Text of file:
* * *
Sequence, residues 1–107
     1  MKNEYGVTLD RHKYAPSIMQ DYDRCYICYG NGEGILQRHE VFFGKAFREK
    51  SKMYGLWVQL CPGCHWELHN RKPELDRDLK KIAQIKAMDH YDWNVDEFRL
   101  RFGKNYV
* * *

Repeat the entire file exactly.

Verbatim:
Sequence, residues 1–107
     1  MKNEYGVTLD RHKYAPSIMQ DYDRCYICYG NGEGILQRHE VFFGKAFREK
    51  SKMYGLWVQL CPGCHWELHN RKPELDRDLK KIAQIKAMDH YDWNVDEFRL
   101  RFGKNYV